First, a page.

9. BertKu
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    BertKu Senior Member

    I fully agree with you, but I have one problem. My Marsh motor at 48 Volt is drawing 100 Ampere. The 4 other brushless motors can go up to 72 Volt (If I really want to, but I don't want to draw 7,5 KW) and the others are up to 36 Volt. Thus I wanted to see what the forum members has to say about the highest voltage. Very interesting answers. I will visit Autozone and see whether they have in this town also those relays. I could use some for testing. Midas does not have higher than 30 Amp. (here at our place)
    Thanks Fanie , Bert
     
  10. Fanie
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    Fanie Fanie

    Sorry for being stupid, but what is a marsh motor and what are these motors for ?
     
  11. Fanie
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    Fanie Fanie

    Bert, I think those relays are called 'solenoids' by the motor mac's. They have a coil that pulls a large contact in that sits over the coil. They look just like the heavy duty relays you see in most boats for the trim & tilt and starter motor.
     
  12. BertKu
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    BertKu Senior Member

    Marsh motor is an electric DC motor with magnets on the rotor and the coils are mounted on the stator. The efficiency is high. The motor can run at full power of 4,5 KW continuous. They cost incl. import duties, VAT and freight Rand 5000,-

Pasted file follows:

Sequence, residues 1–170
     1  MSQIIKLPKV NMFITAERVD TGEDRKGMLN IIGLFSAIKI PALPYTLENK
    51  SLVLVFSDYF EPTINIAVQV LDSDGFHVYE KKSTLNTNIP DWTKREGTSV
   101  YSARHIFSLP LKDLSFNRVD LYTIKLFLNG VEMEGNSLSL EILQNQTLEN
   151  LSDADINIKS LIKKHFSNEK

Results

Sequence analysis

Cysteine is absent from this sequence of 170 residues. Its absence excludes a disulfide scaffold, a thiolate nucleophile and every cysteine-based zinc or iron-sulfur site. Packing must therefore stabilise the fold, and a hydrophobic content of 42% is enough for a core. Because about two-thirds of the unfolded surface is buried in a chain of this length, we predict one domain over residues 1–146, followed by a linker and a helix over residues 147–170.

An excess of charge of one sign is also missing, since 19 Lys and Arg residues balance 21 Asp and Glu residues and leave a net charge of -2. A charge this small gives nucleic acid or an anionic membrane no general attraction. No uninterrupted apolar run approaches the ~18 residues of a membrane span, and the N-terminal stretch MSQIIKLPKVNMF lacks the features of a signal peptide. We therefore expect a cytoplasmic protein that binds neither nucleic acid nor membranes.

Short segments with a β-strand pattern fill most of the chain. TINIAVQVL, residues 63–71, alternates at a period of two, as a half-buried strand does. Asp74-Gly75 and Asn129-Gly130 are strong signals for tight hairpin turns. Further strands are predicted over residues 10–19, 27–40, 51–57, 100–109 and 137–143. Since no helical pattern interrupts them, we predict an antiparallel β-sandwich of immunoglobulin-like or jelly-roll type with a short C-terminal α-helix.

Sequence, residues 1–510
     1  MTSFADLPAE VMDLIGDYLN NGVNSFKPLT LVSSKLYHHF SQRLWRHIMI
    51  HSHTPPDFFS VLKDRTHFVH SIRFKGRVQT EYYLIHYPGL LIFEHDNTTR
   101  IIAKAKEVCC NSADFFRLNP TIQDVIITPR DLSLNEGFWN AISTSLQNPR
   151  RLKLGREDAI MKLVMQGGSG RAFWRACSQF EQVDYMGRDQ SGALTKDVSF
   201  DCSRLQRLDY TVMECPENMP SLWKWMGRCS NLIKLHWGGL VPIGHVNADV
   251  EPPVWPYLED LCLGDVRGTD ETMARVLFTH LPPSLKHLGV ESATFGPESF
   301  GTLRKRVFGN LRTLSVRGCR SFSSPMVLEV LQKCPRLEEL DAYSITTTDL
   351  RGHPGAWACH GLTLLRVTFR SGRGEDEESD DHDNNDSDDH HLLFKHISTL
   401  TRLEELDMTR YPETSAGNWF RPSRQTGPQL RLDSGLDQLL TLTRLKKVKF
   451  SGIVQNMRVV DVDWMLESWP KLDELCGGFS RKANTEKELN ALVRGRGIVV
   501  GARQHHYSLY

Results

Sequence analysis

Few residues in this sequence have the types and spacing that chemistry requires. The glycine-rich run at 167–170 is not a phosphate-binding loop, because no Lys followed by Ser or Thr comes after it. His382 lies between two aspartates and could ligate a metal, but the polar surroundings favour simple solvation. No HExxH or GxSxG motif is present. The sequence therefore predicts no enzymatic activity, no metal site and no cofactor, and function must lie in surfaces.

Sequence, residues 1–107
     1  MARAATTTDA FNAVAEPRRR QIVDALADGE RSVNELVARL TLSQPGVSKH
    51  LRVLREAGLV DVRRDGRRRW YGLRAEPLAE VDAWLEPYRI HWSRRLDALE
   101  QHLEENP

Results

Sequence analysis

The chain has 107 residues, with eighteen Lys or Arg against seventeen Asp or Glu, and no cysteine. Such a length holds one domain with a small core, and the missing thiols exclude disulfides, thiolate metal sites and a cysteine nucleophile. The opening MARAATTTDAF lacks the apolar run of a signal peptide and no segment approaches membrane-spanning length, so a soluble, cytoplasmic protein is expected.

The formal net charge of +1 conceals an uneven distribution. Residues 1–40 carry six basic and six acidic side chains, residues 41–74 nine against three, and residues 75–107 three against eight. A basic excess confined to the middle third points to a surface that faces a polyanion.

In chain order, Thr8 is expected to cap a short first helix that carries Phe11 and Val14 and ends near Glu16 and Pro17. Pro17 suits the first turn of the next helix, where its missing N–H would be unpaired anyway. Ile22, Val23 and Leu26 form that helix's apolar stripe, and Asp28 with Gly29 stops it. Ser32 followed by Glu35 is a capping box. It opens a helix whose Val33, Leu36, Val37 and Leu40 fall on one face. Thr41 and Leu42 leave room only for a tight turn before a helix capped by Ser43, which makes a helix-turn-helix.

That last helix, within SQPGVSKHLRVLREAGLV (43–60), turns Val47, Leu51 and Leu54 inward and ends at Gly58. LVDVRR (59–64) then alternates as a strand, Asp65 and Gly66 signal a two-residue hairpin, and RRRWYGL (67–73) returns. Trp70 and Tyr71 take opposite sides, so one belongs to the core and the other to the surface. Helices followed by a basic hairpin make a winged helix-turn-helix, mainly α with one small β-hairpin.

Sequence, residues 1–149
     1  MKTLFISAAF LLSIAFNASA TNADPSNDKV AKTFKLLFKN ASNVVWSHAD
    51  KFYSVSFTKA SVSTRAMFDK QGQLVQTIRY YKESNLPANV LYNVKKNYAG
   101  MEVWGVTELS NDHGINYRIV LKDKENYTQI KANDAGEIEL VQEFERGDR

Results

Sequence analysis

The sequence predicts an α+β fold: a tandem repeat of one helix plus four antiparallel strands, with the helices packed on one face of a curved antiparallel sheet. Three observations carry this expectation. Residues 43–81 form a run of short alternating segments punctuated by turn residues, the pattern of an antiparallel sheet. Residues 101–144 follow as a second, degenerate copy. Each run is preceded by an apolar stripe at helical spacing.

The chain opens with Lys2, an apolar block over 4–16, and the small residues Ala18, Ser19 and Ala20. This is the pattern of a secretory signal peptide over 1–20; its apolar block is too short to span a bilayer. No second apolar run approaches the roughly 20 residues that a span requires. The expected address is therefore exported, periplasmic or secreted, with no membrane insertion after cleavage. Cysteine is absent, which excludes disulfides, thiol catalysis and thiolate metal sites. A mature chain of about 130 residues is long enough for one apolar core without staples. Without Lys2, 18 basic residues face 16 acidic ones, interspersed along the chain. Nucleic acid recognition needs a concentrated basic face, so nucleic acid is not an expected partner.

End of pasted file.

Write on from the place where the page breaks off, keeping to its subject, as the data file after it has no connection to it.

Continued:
Bert
     
  13. Fanie
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    Fanie Fanie

    We use trolling motors for quiet moving around fish, but I don't think they are economic enough re power usage and not powerfull enough for powering boats. Few things beat the old iron horse. I bought a 5hp Parsun... very impressive for it's size, 2 stroke of course.
     
  14. BertKu
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    BertKu Senior Member

    Your slogan is: Water !, just gimme water !.

    It will be in my case, : Juice !, just gimme batteries !!
    Bert
     

  15. Fanie
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    Fanie Fanie

    Hello Bert,

    One must always look at what has been done and used and how successfull it is with what is available. Batteries are not developed to the stage where I think they are usefull as a main power source...

    When powering a boat you will need full power for a prolonged duration like in bad weather with wind. Keep in mind you may experience heavy overcast weather where little charge will give any usefull power to the batteries.

    If you want to use batteries, at least have an outboard at the ready to take over. Use the batteries for good weather when sun is a plenty and wind is low, but you need something reliable for all the other times.